Having used Apple gear for over 30 years, I realize there’s no such thing as perfection. Different models had different glitches that sometimes required extending the warranty to cover repairs.
That didn’t happen with such models as the Macintosh IIcx, the first personal computer that I brought into my home, after using Macs at the office for a few years. But floppy drive failures were frequent, because it appeared that the cooling system drew in the dust rather than push it away. I remember the office admin, Adam, took on the task of repairing Macs, with my help, and he constantly complained about the poor design.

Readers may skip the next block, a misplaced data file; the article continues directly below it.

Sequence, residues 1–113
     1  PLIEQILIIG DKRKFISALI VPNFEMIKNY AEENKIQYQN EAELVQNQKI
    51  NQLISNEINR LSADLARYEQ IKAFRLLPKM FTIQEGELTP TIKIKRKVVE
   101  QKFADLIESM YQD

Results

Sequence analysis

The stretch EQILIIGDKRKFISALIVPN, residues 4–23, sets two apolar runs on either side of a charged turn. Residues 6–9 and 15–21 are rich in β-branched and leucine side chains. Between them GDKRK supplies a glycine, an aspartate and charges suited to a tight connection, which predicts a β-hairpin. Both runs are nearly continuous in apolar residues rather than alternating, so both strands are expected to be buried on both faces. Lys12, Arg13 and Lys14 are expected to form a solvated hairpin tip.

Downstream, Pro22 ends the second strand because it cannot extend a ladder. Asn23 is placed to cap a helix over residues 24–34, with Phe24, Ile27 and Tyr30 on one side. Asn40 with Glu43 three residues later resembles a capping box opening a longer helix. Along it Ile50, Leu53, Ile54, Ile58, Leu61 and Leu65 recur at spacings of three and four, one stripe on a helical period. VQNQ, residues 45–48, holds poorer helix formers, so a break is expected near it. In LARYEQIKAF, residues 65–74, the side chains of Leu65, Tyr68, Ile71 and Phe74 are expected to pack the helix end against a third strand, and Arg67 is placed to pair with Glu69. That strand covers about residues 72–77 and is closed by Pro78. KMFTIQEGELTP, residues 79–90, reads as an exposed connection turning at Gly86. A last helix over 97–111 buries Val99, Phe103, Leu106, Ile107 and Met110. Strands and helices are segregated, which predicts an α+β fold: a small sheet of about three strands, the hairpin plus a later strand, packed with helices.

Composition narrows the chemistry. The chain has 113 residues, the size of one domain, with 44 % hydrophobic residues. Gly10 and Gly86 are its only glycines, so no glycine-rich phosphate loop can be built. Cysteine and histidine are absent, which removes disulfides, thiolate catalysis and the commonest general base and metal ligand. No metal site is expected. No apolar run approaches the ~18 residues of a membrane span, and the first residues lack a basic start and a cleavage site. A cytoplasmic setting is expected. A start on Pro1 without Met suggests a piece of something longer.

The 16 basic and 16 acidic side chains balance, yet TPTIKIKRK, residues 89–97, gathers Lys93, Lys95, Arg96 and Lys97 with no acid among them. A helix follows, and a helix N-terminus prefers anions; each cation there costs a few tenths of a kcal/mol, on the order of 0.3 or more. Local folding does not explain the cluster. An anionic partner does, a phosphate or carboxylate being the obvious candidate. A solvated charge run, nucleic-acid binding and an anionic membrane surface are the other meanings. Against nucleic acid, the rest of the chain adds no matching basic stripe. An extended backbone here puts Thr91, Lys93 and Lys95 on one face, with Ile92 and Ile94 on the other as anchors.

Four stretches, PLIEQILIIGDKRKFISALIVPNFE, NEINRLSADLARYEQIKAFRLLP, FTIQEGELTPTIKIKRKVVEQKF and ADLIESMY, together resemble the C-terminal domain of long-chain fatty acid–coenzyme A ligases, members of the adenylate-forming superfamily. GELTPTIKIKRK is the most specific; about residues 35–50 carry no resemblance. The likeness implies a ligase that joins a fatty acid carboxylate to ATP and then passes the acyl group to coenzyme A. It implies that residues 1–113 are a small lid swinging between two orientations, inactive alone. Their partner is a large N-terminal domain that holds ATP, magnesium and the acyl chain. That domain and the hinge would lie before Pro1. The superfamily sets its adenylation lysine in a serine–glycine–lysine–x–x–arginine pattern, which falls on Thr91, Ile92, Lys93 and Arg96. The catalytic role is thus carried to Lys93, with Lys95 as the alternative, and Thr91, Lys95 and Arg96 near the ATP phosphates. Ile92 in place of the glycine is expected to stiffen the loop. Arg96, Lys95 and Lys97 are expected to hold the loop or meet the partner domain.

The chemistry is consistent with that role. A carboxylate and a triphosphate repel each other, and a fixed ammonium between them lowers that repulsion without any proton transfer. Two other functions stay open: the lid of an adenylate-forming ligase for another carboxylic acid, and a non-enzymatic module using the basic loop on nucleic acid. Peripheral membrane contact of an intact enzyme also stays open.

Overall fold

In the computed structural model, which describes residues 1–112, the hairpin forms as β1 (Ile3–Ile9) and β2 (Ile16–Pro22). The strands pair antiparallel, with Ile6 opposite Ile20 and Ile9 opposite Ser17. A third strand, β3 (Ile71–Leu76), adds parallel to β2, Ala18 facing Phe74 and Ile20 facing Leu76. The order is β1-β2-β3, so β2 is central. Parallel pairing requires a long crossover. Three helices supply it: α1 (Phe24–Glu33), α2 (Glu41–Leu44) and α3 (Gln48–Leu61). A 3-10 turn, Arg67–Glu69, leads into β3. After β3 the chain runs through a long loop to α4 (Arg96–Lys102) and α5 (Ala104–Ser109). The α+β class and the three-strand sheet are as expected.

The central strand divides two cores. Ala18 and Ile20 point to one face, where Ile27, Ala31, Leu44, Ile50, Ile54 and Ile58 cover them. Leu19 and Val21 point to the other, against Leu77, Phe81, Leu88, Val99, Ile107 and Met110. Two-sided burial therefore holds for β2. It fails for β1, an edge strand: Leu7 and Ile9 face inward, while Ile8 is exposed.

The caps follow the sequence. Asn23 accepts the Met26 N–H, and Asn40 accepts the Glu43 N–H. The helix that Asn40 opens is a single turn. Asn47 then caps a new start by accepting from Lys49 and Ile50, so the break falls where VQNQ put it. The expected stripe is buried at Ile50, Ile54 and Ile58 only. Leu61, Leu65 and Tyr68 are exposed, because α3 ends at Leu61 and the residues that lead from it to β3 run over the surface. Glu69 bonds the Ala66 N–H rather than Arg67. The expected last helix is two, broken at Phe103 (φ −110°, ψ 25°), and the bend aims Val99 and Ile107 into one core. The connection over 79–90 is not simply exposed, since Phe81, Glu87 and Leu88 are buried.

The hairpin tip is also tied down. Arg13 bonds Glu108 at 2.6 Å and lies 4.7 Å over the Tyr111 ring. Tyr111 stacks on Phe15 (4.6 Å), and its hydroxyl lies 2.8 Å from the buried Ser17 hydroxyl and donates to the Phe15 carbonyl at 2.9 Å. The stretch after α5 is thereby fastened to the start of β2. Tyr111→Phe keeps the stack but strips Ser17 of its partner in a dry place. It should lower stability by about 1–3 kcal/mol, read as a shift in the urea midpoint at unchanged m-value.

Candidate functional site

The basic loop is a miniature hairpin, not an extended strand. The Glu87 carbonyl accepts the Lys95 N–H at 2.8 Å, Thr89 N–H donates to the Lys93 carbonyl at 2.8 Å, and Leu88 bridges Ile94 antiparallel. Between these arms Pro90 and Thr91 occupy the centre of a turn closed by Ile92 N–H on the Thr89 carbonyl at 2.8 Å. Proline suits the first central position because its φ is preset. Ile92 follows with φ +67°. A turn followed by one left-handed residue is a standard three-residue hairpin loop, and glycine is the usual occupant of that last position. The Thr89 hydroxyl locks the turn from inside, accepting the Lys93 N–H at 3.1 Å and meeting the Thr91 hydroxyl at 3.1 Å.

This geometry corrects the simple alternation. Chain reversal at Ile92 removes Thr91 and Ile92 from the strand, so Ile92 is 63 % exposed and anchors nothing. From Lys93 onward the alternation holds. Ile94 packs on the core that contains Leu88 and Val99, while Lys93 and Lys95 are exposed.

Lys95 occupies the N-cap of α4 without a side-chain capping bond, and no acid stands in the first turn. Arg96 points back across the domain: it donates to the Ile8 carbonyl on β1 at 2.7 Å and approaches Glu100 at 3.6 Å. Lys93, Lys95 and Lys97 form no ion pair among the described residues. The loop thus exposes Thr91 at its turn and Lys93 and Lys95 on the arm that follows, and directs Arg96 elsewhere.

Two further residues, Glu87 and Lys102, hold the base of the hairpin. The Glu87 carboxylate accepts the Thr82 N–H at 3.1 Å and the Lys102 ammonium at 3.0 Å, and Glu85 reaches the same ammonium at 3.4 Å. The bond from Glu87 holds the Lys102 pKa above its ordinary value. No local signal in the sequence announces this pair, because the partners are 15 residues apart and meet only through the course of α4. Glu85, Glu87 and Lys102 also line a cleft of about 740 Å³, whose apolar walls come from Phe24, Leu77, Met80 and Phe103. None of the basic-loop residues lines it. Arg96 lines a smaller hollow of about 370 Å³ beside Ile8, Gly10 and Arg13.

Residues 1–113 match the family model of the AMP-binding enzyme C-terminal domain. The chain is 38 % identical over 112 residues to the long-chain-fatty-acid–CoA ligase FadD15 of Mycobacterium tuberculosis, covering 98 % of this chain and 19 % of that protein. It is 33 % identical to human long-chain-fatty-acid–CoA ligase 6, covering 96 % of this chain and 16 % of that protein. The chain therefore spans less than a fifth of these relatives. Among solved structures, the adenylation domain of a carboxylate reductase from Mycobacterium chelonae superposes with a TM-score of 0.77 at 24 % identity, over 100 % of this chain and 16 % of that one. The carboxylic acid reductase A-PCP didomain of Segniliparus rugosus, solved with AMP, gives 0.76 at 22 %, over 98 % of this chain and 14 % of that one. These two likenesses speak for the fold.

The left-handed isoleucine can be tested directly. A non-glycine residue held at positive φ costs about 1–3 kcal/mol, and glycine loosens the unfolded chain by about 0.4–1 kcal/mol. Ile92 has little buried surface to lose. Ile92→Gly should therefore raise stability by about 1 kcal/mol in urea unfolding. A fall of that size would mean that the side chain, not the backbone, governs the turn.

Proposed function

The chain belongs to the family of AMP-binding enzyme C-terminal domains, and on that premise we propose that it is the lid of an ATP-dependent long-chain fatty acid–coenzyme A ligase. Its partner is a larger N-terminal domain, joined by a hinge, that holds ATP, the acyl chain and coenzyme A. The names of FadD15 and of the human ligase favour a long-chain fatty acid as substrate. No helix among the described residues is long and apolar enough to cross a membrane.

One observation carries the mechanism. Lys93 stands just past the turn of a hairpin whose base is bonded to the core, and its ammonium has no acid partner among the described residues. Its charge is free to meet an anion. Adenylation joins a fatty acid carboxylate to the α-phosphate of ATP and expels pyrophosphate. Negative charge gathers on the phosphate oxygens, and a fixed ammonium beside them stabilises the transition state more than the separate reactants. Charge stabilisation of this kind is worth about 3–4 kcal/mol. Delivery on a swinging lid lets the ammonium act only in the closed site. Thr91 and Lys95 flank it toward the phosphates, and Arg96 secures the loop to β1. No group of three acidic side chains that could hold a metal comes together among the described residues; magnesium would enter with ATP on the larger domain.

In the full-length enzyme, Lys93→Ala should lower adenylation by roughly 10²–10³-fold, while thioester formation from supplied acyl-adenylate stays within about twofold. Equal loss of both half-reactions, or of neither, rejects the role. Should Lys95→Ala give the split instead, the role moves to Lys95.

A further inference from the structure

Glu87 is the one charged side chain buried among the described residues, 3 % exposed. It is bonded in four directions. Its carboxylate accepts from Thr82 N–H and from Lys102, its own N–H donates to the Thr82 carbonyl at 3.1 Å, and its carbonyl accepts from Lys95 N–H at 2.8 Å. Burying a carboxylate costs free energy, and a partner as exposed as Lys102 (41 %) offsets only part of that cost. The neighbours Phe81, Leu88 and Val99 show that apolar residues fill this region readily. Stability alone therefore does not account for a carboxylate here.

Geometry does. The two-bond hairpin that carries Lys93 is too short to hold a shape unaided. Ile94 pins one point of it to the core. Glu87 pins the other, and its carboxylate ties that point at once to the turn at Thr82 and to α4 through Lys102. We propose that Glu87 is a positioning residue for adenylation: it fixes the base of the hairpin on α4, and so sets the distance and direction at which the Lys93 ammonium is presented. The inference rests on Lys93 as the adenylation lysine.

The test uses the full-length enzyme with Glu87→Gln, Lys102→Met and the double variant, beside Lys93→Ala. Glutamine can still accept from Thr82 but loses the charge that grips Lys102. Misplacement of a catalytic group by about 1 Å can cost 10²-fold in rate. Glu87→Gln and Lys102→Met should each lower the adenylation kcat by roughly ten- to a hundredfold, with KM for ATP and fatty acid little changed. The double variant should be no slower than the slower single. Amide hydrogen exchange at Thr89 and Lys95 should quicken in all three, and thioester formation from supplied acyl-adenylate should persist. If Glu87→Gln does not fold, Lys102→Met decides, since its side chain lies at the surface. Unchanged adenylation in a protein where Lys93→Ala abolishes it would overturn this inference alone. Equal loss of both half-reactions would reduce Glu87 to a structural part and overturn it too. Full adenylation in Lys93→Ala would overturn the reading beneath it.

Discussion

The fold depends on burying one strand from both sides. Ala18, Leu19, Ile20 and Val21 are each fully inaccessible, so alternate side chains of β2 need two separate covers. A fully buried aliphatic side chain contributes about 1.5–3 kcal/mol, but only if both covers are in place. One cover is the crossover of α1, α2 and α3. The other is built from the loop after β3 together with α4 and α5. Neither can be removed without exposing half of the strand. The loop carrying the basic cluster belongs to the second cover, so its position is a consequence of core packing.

My IIcx never developed any problems, or maybe our home wasn’t a dust magnet. Regardless, the first Mac I owned that exhibited a product defect was my PowerBook 5300ce, the first model with a PowerPC CPU. It was expensive, late to market due to an early battery defect, and a source of constant annoyance.